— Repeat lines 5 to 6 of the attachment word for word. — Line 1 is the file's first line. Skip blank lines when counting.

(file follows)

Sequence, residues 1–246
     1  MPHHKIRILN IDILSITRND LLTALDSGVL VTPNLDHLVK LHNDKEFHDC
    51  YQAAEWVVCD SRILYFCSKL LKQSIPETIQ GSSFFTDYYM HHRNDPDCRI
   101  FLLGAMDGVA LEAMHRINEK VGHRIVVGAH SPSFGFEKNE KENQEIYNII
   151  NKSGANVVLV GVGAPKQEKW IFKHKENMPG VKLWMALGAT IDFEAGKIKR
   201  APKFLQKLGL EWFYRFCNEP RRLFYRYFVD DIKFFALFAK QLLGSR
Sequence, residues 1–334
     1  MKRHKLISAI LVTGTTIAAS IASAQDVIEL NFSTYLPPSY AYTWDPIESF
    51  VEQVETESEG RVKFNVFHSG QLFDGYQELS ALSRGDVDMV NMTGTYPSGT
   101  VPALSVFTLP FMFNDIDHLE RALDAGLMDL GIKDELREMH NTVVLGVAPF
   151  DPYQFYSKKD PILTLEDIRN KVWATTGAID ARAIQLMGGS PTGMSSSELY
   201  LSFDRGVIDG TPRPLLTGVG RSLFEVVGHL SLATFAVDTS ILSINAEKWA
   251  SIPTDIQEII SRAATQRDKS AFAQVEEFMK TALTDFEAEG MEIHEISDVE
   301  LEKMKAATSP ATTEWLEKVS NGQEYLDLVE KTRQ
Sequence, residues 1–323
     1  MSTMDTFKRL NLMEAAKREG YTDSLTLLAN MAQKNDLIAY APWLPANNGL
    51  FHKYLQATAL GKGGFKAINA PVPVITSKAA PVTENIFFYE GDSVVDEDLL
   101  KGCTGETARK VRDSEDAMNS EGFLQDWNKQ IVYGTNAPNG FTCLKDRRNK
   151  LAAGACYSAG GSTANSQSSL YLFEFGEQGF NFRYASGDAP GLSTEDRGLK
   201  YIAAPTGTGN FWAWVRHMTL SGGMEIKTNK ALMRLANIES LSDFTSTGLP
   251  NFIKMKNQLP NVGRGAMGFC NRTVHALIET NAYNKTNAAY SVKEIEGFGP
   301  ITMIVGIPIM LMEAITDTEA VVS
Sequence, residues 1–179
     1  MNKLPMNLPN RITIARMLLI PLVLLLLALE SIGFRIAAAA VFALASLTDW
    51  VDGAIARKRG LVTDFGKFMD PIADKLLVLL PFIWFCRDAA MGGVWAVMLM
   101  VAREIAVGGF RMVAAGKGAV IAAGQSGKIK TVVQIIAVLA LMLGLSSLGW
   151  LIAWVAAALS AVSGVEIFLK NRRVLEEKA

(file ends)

   151  NKSGANVVLV GVGAPKQEKW IFKHKENMPG VKLWMALGAT IDFEAGKIKR
   201  APKFLQKLGL EWFYRFCNEP RRLFYRYFVD DIKFFALFAK QLLGSR